Thursday, 14 February 2013

I attempt to catch up

I have, like, five unfinished draft posts lurking around at the moment, which is very rare for me. God knows what it signifies, probably that they are shit and ill-conceived. Let's see if we can kick this one into shape. I should warn you I am in bed with a manky throat and have spent most of the day watching back to back episodes of One Born Every Minute, so I am emotional and confused and unable to form coherent sentences in any medium. Perfect!

So, I went to Paris earlier this week and spent most of the time in a state of exaggerated panic due to my poor interviewing technique and crippling social anxiety (even though I was only asking nice, unobtrusive questions about cake for god's sake, it's hardly fecking Watergate), but apart from that it was its beautiful, scornful self.

Things that I bought:

1. Cat bus from Totoro biscuits:



2. Skeleton cookie cutter:



3. Decorative edible skulls:



 (this led to an entertaining conversation with Peter who was trying to convince me that all skulls are edible, which may be the case if you have sturdy, impeccable American Teeth, but is certainly not so when you have British Teeth made of dust and tannin and apologies like me. We are, however, entirely in agreement on the vexed subject of meringue (=wrong). Yes meringue is vexed. Well, it is in my head. I can vex pretty much any subject you like, given half an hour on my own. Shut up)

4. A sack dress in the sales:



5. The most wildly expensive glass of red wine, accidentally. Even my sister laughed at how appallingly I was fleeced by an unscrupulous waiter who declared it le vin préféré des femmes as if that would make it OK. I really needed wine though since my chest cavity was about to explode with tension. My sister is living in Paris at the moment, and seems to be faring much better than I did when I lived there nine years ago. Momentarily I found myself wishing our mum knew about her living there, because she adored Paris and it always astonished me with how well she knew the city, she was always leading us to all manner of ancient brasseries and back street bars and secret parks, and the thought of her getting to visit my baby sister there and do lovely things makes me wistful. Conceivably she would have been less enamoured of my sister's mystery Calvados related head wound, but passons (actually, I think she would have absolutely understood).


Things I was given: 

1. Two eclairs, salted caramel and pistachio. Pistachio looks a bit like a metallic gherkin.



2. A dainty black forest gâteau:



3. An absolutely delicious Mont Blanc shaped like a ball of wool and filled with a sort of light blackcurrant compote and whipped cream.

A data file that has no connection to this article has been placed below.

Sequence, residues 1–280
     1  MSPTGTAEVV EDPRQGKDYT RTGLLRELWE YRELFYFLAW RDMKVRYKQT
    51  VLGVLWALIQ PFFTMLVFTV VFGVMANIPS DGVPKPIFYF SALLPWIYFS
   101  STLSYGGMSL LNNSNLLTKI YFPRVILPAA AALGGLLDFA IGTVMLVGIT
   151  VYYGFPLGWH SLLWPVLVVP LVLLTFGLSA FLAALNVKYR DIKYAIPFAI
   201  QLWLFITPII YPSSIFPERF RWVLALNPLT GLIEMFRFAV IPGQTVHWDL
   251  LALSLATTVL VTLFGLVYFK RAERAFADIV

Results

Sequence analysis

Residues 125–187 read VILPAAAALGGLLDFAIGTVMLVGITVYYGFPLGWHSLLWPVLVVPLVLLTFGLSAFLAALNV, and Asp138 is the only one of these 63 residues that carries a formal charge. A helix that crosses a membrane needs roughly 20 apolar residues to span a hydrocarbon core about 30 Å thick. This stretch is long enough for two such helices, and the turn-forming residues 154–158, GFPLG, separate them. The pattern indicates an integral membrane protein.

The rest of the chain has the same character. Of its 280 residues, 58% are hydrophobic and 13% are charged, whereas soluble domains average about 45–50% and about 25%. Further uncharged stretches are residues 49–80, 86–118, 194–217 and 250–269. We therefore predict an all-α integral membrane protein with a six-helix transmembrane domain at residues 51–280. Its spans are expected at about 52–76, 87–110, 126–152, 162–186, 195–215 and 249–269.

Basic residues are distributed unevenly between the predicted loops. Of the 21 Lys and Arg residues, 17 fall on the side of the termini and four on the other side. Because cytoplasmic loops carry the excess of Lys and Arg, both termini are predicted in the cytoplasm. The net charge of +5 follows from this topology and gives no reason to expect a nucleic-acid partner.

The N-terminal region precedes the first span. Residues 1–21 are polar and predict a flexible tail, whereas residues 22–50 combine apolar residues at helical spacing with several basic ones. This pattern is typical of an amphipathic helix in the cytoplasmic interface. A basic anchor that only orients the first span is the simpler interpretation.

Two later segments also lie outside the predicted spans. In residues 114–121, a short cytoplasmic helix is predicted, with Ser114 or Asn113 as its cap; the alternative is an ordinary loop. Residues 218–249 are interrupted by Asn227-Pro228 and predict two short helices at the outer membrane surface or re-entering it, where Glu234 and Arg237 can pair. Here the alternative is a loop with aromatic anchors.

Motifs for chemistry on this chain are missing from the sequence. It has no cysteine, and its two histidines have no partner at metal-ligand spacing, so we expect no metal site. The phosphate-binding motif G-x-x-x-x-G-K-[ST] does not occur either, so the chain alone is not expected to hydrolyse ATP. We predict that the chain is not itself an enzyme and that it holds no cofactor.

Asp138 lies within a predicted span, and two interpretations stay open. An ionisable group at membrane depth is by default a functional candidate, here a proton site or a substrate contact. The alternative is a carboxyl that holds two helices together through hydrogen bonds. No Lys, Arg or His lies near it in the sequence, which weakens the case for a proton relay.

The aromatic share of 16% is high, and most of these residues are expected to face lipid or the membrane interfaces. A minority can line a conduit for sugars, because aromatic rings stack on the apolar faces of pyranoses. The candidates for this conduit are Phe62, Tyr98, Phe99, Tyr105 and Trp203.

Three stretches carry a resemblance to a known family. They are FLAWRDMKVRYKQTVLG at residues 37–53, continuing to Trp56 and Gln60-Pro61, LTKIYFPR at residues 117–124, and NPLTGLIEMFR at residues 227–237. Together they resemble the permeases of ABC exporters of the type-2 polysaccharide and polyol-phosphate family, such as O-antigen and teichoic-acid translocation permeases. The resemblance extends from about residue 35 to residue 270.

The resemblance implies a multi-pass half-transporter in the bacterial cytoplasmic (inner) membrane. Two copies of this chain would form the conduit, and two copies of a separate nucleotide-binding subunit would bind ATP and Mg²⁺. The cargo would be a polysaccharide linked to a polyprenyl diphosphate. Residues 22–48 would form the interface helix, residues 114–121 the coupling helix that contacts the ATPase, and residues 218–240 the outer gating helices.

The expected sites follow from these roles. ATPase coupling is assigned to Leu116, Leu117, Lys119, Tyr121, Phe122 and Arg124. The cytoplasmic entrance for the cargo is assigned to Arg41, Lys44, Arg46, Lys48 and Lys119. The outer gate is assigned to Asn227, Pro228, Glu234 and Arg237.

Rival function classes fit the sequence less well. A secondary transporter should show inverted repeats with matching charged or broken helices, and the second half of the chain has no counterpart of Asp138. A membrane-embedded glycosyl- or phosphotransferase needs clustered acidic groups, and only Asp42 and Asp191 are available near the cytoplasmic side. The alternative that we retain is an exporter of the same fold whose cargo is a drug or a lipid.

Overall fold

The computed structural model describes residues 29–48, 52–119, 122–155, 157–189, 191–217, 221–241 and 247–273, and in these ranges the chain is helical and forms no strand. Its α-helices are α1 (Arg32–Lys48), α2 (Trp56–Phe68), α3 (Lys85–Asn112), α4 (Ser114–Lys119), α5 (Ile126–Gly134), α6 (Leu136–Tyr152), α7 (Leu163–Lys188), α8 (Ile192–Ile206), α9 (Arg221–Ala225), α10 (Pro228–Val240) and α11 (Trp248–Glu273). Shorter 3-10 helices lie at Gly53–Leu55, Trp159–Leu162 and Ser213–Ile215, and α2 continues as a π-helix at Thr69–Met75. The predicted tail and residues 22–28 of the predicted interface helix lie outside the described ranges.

(this is what happens when you write about cakes, and very bad it is too, I have about ninety five chins and by the time I got back I was hallucinating about melted cheese and tuna)

4. A free pass through the Metro barrier when my ticket failed. Whilst Parisian generosity can fall short of the full 'milk of human kindness' standard at times, in acts of altruistic civic disobedience you are ALWAYS OK with a Parisian.

5. A bed for the night by the lovely Beatrice, who now lives in Paris rather than Brussels to my great sadness.


Things that I did: 

1.  Walked round and round and round and round and round, mainly in the 3rd and 4th, to try and walk off my lunatic anxiety. God it was cold, I felt like the little match girl or something, especially since my anxiety seemed to preclude me going into eg. shops and cafes. The weather was not, however, the 'showers of Christmas decorations' my phone seemed to be suggesting we should expect. What the fuck kind of hail is that supposed to be?


Raining baubles

2. Sat in the BHV (venerable and deeply unglamorous department store) canteen, as advised by a recent interviewee, who said it had the best elderly people watching opportunities in Paris. This was excellent advice, there was a great variety of elderly people in good knitwear drinking tea out of tiny institutional metal tea pots, and also a wonderful view over the rooftops of Paris and a rather forbidding, stormy sky (perhaps pondering the imminent assault of Christmas baubles).

3. Interviewed patissiers. I'll link to the article when it comes out in April. I still have two more to go, including one who I have most unwisely promised, airily, that I will drive around Brussels. Ha. Ha ha ha ha. Ha. Oh god. Which will it be? The ludicrous getting lost? The inability to park? Possibly a minor prang involving a static piece of street furniture? I dread to think. It's ok, it's not Pierre Hermé. Imagine if I killed Pierre Hermé in a tragic Toyota Yaris/bollard incident. I am making myself laugh thinking about that, but it's the laughter of terror and prophecy.